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The Taming of the Shrew

Tron Theatre, Glasgow Four stars
When boy meets girl in Shakespeare’s frothy but terminally unreconstructed rom-com, the so-called happy ending has always been at best questionable. Jo Clifford’s gender-bending new reading of the story of how Katherina learnt to succumb to Petruchio’s will proceeds to turn the play’s world upside down, break every rule going and run with it to make a whirlwind piece of queer-core cabaret inspired subversion.
Here, Katherina is a boy, a bratty swot with ideas above his station and a serious attitude problem. Kate isn’t at all like his himbo brother Bianca, who only wants to serve the women who run the world as they woo him into willing submission. Petruchio, meanwhile, is a woman who, enjoying the challenge of Kate’s resistance to her charms, is on a mission, and won’t put up with any of Kate’s nonsense, no matter how much he refuses to put out.
Over a rollicking 75 minutes, Michael Fentiman’s co-production between the Tron and their enterprising fellow …
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Romeo and Juliet

Theatre Royal, Glasgow Four stars
Everything is council estate grey in Erica Whyman’s streetwise Royal Shakespeare Company revival of Shakespeare’s teenage gang-based tragedy, in Glasgow for the final leg of its UK tour. The brutalist steel and breezeblock backdrop of Tom Piper’s set lends the play a contemporary harshness heightened even more by the babble of criss-crossing young voices who stab out the play’s prologue like a weapon.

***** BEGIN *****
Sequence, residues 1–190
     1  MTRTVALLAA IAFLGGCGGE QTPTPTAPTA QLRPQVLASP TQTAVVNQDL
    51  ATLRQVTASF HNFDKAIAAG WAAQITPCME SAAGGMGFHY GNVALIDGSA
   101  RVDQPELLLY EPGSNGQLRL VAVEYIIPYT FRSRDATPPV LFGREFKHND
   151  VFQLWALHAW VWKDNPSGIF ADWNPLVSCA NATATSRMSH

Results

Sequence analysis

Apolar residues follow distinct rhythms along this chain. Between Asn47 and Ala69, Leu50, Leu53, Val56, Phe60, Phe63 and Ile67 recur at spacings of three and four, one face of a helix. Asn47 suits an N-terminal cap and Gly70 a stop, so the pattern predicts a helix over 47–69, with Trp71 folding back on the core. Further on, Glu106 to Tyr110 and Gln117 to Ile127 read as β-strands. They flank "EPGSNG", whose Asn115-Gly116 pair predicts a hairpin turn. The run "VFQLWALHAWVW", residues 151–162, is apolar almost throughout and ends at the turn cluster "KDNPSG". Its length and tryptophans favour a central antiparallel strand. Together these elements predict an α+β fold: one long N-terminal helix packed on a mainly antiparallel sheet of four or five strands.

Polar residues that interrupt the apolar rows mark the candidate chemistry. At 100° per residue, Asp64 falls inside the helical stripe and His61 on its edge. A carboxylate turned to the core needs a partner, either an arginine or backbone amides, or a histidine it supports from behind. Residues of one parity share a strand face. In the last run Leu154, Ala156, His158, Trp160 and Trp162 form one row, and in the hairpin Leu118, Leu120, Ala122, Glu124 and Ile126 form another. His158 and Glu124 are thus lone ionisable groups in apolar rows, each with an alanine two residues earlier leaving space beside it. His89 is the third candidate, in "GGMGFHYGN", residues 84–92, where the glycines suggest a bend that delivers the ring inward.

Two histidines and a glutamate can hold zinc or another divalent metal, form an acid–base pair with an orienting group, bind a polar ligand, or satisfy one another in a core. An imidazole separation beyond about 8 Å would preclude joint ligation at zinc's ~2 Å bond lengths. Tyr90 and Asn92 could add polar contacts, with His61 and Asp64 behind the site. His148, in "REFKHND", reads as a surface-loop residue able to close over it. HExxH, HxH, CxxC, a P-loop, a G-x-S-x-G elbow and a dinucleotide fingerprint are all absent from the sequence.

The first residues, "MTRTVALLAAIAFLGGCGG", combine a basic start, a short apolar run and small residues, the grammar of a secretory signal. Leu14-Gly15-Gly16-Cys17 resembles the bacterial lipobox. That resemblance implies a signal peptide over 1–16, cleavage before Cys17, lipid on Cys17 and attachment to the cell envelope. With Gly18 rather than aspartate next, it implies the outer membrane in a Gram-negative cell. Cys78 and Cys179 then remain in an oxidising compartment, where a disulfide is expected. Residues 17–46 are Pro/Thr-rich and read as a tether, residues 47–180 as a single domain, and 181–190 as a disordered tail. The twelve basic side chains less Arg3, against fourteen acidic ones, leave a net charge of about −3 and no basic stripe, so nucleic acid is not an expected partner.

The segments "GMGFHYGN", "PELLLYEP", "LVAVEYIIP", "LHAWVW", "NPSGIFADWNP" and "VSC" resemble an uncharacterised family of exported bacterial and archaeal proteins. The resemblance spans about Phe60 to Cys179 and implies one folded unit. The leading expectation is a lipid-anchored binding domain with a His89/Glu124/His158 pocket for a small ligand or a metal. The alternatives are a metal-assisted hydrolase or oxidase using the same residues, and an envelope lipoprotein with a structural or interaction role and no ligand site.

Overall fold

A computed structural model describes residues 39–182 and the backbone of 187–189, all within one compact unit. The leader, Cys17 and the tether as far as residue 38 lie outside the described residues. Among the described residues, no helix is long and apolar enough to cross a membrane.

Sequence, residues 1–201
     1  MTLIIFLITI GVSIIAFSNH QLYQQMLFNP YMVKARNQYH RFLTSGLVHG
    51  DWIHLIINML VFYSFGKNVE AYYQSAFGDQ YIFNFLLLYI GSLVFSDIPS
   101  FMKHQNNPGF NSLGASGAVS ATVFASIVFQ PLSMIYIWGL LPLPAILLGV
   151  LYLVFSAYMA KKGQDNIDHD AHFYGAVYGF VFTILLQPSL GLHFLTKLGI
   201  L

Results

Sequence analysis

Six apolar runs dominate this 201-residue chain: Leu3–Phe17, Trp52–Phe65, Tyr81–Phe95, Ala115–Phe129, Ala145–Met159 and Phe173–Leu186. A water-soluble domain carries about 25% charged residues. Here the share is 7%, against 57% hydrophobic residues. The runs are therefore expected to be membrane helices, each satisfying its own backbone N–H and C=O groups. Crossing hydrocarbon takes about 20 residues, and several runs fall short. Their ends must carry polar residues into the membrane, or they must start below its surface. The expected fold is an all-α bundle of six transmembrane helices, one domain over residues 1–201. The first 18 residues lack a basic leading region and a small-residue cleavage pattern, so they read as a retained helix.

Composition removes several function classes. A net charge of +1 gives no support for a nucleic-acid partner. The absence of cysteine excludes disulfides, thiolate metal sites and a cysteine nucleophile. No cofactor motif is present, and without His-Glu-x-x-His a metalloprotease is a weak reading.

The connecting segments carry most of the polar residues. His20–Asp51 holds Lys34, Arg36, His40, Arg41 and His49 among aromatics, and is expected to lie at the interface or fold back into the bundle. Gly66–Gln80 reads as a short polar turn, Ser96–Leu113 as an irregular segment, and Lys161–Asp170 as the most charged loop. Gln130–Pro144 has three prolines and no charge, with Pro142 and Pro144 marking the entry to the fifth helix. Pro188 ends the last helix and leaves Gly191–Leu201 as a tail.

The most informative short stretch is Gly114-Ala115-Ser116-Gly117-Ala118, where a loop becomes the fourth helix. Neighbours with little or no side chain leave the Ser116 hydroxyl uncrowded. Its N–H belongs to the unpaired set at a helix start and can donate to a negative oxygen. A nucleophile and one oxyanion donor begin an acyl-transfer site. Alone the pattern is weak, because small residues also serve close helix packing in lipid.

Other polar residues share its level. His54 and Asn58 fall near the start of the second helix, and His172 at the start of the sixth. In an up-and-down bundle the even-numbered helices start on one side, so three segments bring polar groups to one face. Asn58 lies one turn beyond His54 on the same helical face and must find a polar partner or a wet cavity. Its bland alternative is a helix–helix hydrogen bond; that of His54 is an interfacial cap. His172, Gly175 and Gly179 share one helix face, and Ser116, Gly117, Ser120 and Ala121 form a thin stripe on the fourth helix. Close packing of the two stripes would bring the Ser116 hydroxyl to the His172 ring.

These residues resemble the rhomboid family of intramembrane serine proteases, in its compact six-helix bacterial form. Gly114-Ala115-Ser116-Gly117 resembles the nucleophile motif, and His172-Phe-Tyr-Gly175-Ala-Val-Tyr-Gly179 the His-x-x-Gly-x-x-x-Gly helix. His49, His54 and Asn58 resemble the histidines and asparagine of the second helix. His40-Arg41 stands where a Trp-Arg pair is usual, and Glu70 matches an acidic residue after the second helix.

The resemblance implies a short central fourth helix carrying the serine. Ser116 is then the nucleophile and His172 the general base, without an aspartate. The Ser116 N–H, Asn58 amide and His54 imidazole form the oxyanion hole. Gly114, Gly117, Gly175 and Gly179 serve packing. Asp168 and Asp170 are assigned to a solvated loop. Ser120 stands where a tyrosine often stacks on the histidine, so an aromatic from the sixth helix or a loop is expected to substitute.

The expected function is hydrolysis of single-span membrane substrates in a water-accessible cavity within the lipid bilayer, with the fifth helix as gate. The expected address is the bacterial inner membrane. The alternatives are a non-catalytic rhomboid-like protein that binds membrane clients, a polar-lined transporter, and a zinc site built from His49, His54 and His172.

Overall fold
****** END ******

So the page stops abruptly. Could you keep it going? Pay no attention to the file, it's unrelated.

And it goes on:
Once things calm down, we move downtown, where, on the frontline, the Capulets and the Montagues’ unspecified beef has become a hand-me-down accessory for local youth in search of a sense of belonging and a cause to call their own, however misguided they may be in their bid to join the grown-ups.
It’s this adolescent craving for attention and to be taken seriously that fires the play here, with inter-gang bantz led by Charlotte Josephine’s motor-mouthed Mercutio as he, Benvolio and Afolabi Alli’s matinee idol Romeo attempt to crash the Capulets’ big party a…

Nora: A Doll’s House

Tramway, Glasgow Five stars
Three women walk through different doors at the start of Stef Smith’s revolutionary reimagining of Henrik Ibsen’s nineteenth century meditation on women, men and power. It is as if they have broken through the frames that captured their once still lives to map out a brand new story for themselves in colours of rage, making history as they go.
This is just the first act of liberation in Smith’s version of the play, which puts three Noras from crucial moments in that history onstage in the first play in the Citizens Theatre’s Citizens Women season. In an equally crucial move, the three actresses who play Nora in 1918, 1968 and 2018 double up to become different versions of Nora’s former best friend Christine.
With the men who control them similarly represented down the ages, Smith’s device exposes just how little has changed over the last century in terms of everyday domestic abuse. As the women are blackmailed emotionally, intellectually and sexually into sorti…